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Loud in the House of Myself: Memoir of a Strange Girl by Stacy Pershall Review

Title: Loud in the House of Myself: Memoir of a Strange Girl

Author: Stacy Pershall

First published December 1, 2010

241 pages, Kindle Edition

Rating: 3.9


In Loud in the House of Myself: Memoir of a Strange Girl, Stacy Pershall takes readers on a journey through the complexities of mental illness. Growing up in a small town in Arkansas, Stacy struggled with depression and anorexia, all while being told that Jesus could heal her.

Her journey through breakdowns and suicide attempts offers a raw and mordantly funny portrayal of the mental health care system. After a live-streamed suicide attempt, Stacy discovered Dialectical Behavioral Therapy and a new mood-stabilizing medication.

Through body modification, she learned about the true nature of trust and the healing power of self-expression. This memoir is a unique and inspiring look at one woman’s fight to heal her mind and body.

About the Author

Stacy Pershall is an exceptional teacher who specializes in Memoir I and II at Gotham Writers’ Workshop. She is also passionate about creative writing and teaches teenagers online through the Johns Hopkins Center for Talented Youth.

Additionally, she is an advocate for suicide-prevention and delivers powerful speeches as a part of the Active Minds Speakers’ Bureau. Currently, she resides in New York City.

Editoral Review

Stacy Pershall’s Loud in the House of Myself: Memoir of a Strange Girl is a compelling and honest recount of her journey through mental illness and self-discovery. Published on December 1, 2010, the book falls under the memoir genre and wrestles with themes of mental health, identity, and self-acceptance.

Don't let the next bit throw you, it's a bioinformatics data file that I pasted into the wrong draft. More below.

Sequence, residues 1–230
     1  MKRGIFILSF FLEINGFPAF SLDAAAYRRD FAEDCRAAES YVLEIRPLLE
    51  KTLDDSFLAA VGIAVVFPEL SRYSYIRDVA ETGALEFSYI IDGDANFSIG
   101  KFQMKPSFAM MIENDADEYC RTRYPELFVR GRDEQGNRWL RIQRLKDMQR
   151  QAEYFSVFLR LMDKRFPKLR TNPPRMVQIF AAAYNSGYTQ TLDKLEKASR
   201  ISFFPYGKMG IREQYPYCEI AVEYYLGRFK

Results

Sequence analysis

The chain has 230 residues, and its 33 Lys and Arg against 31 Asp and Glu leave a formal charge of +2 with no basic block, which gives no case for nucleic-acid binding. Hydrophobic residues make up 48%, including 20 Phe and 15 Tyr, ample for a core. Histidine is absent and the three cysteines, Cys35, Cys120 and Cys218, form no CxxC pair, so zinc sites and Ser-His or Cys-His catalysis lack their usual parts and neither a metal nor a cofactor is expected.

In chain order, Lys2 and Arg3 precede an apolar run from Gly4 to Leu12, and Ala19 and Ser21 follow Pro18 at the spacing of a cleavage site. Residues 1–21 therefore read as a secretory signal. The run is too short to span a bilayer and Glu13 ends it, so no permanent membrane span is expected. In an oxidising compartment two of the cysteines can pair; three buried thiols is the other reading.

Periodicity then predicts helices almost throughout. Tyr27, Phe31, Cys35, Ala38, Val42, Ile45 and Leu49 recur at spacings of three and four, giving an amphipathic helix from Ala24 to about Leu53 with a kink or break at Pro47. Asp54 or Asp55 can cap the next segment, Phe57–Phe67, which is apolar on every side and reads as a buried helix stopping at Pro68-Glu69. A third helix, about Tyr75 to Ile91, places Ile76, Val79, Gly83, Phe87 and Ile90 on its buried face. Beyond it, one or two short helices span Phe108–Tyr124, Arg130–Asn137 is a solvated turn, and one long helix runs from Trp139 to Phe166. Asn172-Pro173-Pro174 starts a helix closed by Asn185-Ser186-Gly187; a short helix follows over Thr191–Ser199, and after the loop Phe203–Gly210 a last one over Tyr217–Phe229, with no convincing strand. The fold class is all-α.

Through vivid descriptions of her experiences as a misfit in a small Arkansas town, Pershall introduces the reader to her struggle with borderline personality disorder and the destructive behaviors she engaged in to cope with her illness. She takes us through her journey of diagnosis, hospitalization, and treatment, while also diving into her personal relationships and the impact mental illness had on them.

The book is a powerful portrayal of the struggles faced by individuals with mental health issues in a society that doesn’t always provide the support they need. Pershall shows us how the stigma surrounding mental illness can prevent people from seeking help and how it can be challenging to navigate relationships with others who don’t understand what you’re going through.

Pershall’s writing style is raw and visceral, making it easy for the reader to empathize with her experiences. She uses metaphor and imagery to create a vivid picture of the world she inhabits, and her honest reflections on her thoughts and feelings add depth to the memoir.

One of the strengths of Loud in the House of Myself is Pershall’s character development. She is unflinchingly honest about her flaws, but at the same time, she portrays herself as a complex and multifaceted individual.

Her struggles with mental illness don’t define her completely, and her journey to self-acceptance is inspiring. While the book is primarily a memoir, it does touch on broader issues related to mental health and society’s attitudes towards it.

Pershall makes a convincing case for why we need to do more to support those struggling with mental health issues and address the stigma surrounding it. The only criticism of the book is that it is occasionally repetitive, and some readers may find certain passages too intense.

However, this is not enough to detract from the overall quality and impact of the book. Loud in the House of Myself is a must-read for anyone interested in mental health, memoirs, or simply looking for a poignant and inspiring story about self-discovery.

It is a powerful reminder that we have more in common than we think and that empathy and understanding can go a long way. It receives a highly recommended rating.